Rebekah Brooks suffered more criticism and gossip about her relationship with Rupert Murdoch because she was a woman, she said today.
Mrs Brooks said no one would write “the first thing” about her dealings with the media mogul if she was a “grumpy old man”.
The former editor of The Sun and the News of the World told the Leveson Inquiry she would be hypocritical to complain about intrusion into her personal relationships, but a lot of the criticism and gossip she experienced was “gender-based”.
Brooks, 43, became chief executive of Mr Murdoch’s UK newspapers division News International in September 2009 until she resigned in the wake of the hacking scandal last July.
She said during her appearance today that a lot of trivial questions had been put to her – in her evidence she quashed a rumour that the pair used to swim together when Mr Murdoch was in London.
She also denied that, after she was arrested in 2005 over an alleged assault on her then-husband, Mr Murdoch sent an outfit to the police station where she was being held.
Mrs Brooks was released without charge and the police took no further action.
“I think that my relationship with Mr Murdoch – if I was a grumpy old man of Fleet Street, no one would write the first thing about it,” she said.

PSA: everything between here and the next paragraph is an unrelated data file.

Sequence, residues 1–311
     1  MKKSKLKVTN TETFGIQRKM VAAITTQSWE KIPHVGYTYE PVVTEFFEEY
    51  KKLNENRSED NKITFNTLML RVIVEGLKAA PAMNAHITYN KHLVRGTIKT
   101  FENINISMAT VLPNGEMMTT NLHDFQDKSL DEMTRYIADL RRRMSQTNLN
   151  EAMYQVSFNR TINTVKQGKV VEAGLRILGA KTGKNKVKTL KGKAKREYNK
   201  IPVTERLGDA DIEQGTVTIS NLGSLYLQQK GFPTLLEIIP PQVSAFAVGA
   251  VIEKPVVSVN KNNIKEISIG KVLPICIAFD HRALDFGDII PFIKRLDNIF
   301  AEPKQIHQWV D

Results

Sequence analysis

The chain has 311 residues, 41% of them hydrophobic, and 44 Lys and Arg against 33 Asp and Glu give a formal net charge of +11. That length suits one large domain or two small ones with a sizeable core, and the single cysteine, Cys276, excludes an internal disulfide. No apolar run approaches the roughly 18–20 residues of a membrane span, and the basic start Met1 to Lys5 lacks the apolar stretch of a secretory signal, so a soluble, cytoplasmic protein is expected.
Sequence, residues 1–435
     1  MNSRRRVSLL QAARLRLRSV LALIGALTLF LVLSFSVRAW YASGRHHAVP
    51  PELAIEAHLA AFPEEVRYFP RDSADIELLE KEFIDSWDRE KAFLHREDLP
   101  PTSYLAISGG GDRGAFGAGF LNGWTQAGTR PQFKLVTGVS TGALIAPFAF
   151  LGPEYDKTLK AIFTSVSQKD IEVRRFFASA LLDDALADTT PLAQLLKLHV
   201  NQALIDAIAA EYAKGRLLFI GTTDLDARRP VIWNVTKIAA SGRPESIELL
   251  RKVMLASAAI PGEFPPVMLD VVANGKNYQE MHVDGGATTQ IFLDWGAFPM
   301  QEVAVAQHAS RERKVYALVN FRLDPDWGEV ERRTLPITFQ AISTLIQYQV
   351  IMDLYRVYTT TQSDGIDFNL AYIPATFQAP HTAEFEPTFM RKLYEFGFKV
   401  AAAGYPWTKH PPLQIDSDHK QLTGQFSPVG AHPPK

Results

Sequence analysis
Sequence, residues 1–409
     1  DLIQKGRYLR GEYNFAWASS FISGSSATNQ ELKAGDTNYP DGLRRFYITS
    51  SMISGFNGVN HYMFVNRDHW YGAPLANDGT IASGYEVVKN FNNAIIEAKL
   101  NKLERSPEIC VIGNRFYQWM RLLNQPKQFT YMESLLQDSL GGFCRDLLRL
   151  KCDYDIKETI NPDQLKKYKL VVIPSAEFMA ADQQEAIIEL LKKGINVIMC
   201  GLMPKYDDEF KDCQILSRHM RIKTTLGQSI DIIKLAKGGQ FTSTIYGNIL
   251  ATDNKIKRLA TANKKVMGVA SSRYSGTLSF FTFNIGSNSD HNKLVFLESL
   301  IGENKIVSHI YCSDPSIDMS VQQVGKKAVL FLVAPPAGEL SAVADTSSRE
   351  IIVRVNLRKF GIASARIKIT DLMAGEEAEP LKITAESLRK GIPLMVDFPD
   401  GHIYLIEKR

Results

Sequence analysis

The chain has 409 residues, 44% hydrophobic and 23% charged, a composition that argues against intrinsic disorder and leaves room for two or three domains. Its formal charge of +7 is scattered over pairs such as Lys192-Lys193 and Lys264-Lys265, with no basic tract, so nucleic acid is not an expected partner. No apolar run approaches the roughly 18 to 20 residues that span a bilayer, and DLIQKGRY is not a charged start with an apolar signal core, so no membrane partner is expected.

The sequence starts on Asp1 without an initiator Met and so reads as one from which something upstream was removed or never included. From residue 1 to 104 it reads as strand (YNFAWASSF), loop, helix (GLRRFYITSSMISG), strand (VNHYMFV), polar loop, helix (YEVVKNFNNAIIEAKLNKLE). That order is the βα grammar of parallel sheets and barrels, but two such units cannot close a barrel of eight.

She said it would be the “height of hypocrisy” for her to complain about intrusions into her personal life, but said: “However, I have had these complaints from people in my career as a journalist and I have always tried to understand and always tried to use my judgment to where the line fell.
“As to my own situation, well, it’s been a difficult year, but a lot of the questions that I have had from Mr Jay (Robert Jay QC, counsel to the inquiry), I felt concentrated on quite a trivial side.
“I am happy to discuss them but I’m not sure it helps this inquiry, whether Mr Murdoch bought me a suit or not, or I went swimming with him.”
She told the inquiry the Murdochs were “just like any normal family, they have dynamics and they change”.
Asked by Mr Jay if a claim made in Vanity Fair that she became a “go-between” in an increasingly fraught relationship between Rupert and James Murdoch was true, she said: “No, they could speak to each other.
“I reported both to James and Rupert Murdoch and I would talk to them both about the issues unfolding at News International.
“James and I had offices next door to each other. I would be talking to Mr Murdoch every day.
“And if Vanity Fair wants to couch that as a go-between, then fine, but I don’t accept the premise of what they are insinuating.”